Analyst Insight: Last-mile delivery remains the Wild West of delivery logistics and fulfillment. There’s no magic bullet for all businesses; customer demands and expectations are shaped by whether they’re ordering clothes, washing machines, groceries or menu items, or routinely shopping online. Emerging trends that impact last-mile include the role of contractors in fulfillment, rapid order fulfillment, increased USPS handling, in-house delivery services, upselling during delivery, smart technology, warehouse strategy, self-driving delivery vehicles, and anticipatory shipping.
Last-mile delivery’s efficiency depends on factors such as retailer size, number of orders picked and packed per day, and order pickup frequency. Last-mile success can remain elusive for companies that lack the technology or partnerships, drop-off points, financial wherewithal or flexibility to deliver at non-peak times. They need the ability to gain from efficiencies of scale, get control of labor and delivery costs, and navigate congested cities. Last-mile delivery trends include the following:
Retailers are turning part of their stores into fulfillment centers by adding tools like carton flow, flexible conveyors, packing stations, and adjustable shelving, to handle the volume of online orders and bring fulfillment closer to the customer.
Delivery via drones, robots, and self-driving vehicles promises to limit labor costs and enable 24×7 delivery. But regulatory and operational issues could prove a barrier. For example, Amazon warehouses use robots for most picking and some packing. Some companies are experimenting with an automated delivery process or have staff dedicated to fulfilling delivery orders, even at restaurants.
Software applications and mobile technology such as Postmates, Amazon Flex and UberRUSH provide independent drivers with full or supplemental income. This last-mile delivery mode is less efficient than a system with active route management, but helps reduce last-mile costs. Challenges arise when regional or local last-mile delivery organizations must work with national carriers, but smartphone technology is closing the gap.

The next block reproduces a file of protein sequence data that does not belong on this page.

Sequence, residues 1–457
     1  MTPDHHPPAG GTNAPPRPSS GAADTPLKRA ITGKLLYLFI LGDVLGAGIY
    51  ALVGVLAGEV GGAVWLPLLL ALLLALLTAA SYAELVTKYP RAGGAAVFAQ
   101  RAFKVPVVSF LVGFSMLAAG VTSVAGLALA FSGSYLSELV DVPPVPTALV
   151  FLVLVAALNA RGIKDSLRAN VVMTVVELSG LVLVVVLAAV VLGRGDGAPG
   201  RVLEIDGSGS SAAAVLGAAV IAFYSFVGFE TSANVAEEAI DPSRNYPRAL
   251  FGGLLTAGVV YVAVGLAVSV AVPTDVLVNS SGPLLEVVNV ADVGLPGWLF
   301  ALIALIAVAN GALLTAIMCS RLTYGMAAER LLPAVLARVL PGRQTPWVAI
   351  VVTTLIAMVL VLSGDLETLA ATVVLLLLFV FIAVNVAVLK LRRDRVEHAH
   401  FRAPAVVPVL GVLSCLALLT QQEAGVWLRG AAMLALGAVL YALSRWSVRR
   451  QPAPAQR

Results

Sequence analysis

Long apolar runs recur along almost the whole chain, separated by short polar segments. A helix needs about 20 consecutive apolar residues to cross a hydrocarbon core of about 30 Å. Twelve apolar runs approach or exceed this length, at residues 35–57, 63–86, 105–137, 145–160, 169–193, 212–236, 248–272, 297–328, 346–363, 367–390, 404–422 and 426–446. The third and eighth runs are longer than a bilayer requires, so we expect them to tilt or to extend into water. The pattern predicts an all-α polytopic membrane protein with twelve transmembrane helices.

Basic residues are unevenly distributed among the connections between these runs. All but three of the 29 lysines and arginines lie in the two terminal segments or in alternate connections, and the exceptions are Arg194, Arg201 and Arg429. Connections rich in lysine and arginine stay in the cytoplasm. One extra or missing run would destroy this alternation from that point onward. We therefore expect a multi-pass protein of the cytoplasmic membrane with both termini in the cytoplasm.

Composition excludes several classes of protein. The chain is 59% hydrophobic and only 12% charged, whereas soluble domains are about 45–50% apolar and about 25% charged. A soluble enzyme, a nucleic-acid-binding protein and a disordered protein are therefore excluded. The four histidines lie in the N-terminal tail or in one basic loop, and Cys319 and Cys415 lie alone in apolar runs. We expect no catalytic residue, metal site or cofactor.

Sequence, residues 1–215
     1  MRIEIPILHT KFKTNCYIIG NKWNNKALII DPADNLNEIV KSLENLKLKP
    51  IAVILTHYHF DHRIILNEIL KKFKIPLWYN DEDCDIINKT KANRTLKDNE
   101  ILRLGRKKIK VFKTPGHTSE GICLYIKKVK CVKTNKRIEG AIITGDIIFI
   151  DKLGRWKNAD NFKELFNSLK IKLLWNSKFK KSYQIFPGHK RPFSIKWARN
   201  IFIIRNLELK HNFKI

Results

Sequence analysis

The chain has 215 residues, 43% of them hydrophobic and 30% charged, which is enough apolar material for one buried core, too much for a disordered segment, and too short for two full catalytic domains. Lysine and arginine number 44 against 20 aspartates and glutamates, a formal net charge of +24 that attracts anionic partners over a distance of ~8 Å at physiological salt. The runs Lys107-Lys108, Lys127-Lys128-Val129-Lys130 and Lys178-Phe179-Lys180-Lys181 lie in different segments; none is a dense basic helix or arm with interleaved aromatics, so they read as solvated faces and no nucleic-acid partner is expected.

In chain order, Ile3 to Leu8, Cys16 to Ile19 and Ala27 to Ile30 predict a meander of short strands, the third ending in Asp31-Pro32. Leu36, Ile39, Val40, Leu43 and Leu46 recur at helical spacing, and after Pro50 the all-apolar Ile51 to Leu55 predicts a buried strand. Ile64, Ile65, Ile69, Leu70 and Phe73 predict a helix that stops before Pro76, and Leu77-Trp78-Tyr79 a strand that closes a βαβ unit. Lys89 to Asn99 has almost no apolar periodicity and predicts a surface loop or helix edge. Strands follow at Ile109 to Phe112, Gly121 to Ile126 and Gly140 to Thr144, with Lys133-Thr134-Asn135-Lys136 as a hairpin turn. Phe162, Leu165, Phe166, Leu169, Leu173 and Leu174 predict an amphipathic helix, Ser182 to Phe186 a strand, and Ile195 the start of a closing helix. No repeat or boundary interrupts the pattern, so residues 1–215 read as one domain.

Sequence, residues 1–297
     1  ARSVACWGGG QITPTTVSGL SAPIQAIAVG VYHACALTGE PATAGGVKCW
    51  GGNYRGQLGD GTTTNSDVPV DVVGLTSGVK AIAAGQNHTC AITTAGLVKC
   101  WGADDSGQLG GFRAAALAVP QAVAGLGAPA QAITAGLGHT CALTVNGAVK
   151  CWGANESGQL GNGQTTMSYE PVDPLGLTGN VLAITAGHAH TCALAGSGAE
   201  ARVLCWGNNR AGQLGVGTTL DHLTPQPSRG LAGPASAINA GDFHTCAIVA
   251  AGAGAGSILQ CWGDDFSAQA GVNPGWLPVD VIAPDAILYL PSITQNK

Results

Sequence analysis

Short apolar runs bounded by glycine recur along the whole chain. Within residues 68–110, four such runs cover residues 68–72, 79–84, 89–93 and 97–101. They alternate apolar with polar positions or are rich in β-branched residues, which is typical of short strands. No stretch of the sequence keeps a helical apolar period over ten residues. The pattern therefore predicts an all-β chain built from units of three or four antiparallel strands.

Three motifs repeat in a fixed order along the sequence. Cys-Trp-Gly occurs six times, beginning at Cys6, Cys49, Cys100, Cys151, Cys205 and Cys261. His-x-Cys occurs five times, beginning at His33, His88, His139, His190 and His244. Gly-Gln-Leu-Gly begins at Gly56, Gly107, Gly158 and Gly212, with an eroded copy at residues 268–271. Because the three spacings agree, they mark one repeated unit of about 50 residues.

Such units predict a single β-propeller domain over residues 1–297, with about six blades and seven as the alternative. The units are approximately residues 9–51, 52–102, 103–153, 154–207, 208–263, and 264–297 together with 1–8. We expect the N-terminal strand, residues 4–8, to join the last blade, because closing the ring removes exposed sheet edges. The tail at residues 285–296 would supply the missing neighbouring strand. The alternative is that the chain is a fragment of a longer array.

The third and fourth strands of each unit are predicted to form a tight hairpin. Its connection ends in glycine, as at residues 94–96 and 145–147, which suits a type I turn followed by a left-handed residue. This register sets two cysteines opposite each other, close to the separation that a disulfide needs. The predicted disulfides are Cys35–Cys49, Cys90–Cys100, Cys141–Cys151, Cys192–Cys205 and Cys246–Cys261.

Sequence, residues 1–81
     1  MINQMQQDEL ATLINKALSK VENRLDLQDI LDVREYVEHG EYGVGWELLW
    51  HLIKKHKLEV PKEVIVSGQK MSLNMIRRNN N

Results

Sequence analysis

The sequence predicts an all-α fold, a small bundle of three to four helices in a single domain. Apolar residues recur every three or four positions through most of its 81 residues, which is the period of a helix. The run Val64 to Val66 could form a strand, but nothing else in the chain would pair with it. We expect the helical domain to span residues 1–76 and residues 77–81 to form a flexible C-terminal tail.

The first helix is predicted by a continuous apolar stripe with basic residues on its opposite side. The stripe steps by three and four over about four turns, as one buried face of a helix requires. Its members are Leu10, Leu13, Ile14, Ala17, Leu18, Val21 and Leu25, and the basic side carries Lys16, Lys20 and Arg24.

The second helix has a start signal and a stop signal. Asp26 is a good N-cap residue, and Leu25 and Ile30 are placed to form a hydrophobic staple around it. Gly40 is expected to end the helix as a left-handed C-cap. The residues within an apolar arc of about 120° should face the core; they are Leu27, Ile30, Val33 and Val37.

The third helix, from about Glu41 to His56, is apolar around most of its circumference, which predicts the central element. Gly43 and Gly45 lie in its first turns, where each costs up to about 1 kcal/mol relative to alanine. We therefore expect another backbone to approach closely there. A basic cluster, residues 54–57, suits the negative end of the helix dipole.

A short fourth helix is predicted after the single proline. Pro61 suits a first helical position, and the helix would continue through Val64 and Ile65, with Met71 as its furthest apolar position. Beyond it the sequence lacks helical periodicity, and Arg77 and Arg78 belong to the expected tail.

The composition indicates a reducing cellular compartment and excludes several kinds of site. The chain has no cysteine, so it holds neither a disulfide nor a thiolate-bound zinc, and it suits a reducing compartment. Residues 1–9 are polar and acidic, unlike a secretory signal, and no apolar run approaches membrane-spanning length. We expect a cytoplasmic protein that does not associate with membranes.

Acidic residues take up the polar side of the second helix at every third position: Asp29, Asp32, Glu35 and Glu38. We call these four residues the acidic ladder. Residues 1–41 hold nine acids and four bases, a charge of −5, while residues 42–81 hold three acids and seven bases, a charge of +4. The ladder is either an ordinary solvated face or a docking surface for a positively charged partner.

While traditional mail delivery activity has lagged in recent years, the U.S. Postal Service has picked up its e-commerce package delivery volume, leveraging its extensive processing and package-delivery expertise and low operating costs. Meanwhile, several large retailers have started using their employees to provide in-house delivery services. Some have even partnered with competitors or regional companies to share transportation assets and minimize costs.
Predictive intelligence helps companies look at prior consumer purchases to anticipate other products they might want. The companies can offer “upsold” purchases during the online checkout process, potentially process an additional order upon delivery completion, or (at least with larger fast-moving consumer goods firms or companies) offer subscription orders based on knowledge of customers’ purchasing frequency.
Manufacturers and retailers are opening urban warehouses and fulfillment centers, using neighborhoods as logistics hubs to get packages to customers more quickly, and designing dedicated last-mile warehouses. Last-mile delivery hubs are part of Amazon’s fulfillment strategy in some cities. Even pop-up warehousing is in play as a solution for meeting peak or unusual last-mile demand.
Some firms use artificial intelligence and optimization algorithms for inventory management. These technologies can anticipate shipping demand for better inventory management. The optimization enables shippers and retailers to perform the bulk of their transportation before the consumer buys the product, pre-shipping items to local warehouses to avoid high shipping costs.
Piloting of in-home delivery services, such as Walmart’s InHome Delivery, enable the delivery associate to place groceries or packages inside the absent customer’s home, using smart entry technology while wearing a proprietary camera for delivery verification.
Last-mile delivery solutions are unique to each retailer. Last-mile’s success rides on a mix of fulfillment strategies, improved technology, analytics, partnerships and employee training and retraining. Larger companies will need to take an active workforce approach to address increasing automation, and gear up to use technologies such as radio frequency identification for inventory visibility. Autonomous vehicles will have a role, but drivers will still be needed. Much last-mile automation will be about getting the right product on a truck.